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Science centres: the next 50 years?

50 years ago the first science centres as we know them today opened: the Exploratorium in San Francisco and the Ontario Science Centre in Toronto.

It was the start of a big science centre movement which led to the development of almost 3,000 science centres wrorld-wide, all using the same concept of interactive learning.

What will happen in the next 50 years? What will science centres look like in post-truth times, and in the times that will come after? Will they integrate in society or will they simply disappear?

How can science centres not only react to current issues but reinvent themselves for the future? How can science centres move from being followers to shaping the future?

Experts and science centre leaders will give a brief insight into the young history of our field and share their views on the future of science centres in fast-paced pitches, followed by a debate between panelists.


Science Popularisation Collaborative

Session legacy

There are at least 2 ways of seeing how something could turn out 50 years into the future: predicting it based on where it seems to be taking itself or to direct it, at least, in major directions towards a dreamy or ideal one, at least accdg to what you think it could be missing now. So in deciding how to see science centers 50 years from now, I veer more towards the latter – I dream of science centers becoming:

A champion of connections in as many ways as possible:

For instance, I can imagine or dream that the jargon science centers liberate science from will do even better and be replaced by a lexicon drawn from a multi-cultural pool of words that can better describe and explain a principle, a fact, process, in context. For example - the Japanese may have a word for robots, the Americans for wild lands, “samu’t saring buhay” is a phrase from what a country like ours in the tropics have for biodiversity that speak not just about life’s stupendous variety but inherent and wondrous complexity. It is much like an Anthony Bourdain-inspired way of drawing from multiplicity to have glimpses of universality – the science version of it.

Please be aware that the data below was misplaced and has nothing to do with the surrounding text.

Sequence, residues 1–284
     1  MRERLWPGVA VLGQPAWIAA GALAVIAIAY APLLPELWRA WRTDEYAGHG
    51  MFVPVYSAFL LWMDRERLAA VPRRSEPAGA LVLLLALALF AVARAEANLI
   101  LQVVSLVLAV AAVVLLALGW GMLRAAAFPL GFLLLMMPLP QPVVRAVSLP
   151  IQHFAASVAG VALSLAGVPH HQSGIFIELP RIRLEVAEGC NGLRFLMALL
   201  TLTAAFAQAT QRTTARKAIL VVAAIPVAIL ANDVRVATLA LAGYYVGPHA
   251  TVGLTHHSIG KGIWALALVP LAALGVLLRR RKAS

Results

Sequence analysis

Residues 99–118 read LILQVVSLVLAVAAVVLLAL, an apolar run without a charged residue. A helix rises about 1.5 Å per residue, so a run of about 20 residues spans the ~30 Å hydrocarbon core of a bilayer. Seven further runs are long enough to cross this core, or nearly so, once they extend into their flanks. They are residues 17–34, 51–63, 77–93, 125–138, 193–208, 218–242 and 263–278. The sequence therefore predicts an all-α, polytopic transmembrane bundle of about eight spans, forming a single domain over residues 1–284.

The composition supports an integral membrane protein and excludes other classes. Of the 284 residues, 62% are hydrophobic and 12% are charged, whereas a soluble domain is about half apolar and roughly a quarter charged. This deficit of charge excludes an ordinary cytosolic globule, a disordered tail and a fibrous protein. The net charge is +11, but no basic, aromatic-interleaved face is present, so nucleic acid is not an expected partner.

But more importantly, I dream of science centers going beyond STEM to showing how STEM can help make our individual and collective lives better to showing how in equal measure, it cannot do it alone without the arts and humanities. The newly released book by the US Academy of Sciences Engineering and Medicine entitled Integration of the Humanities and Arts with Sciences, Engineering and Medicine in Higher Education, Branches from the Same Tree, makes a case for what the science icon himself, Einstein himself called all those disciplines – as “branches from the same tree.”

The book revealed that employers have said that more than technical skills which training (not education) does, what they value in applicants are “writing and oral communication skills, critical thinking and analytical reasoning skills, teamwork skills, ethical decision making, and the ability to apply knowledge in real-world settings.” This requires a kind of thinking where you can draw from many disciplines because “many real-world problems have dimensions that are humanistic, scientific, technical, medical, and aesthetic.” Very few problems, if any, are just one thing. Nothing meaningful is just one thing. Maybe science centres could herald connections, even showing where science should not be the centre of the discussions on something - like peace.

A champion of applications of how science serves life – not just as special projects as many of our institutions have now but as one of the main pillars of science centers that we run ourselves: whether it be a sustainable dining restaurant, an urban farm, an experimental school where you apply what neuroscientific insights in classroom settings, or overcoming primal impulses to protect “us” and to exclude “them”, a rehabilitation place for wildlife, a comforting place where diseases are understood as far as they can be and their possible cures and treatments.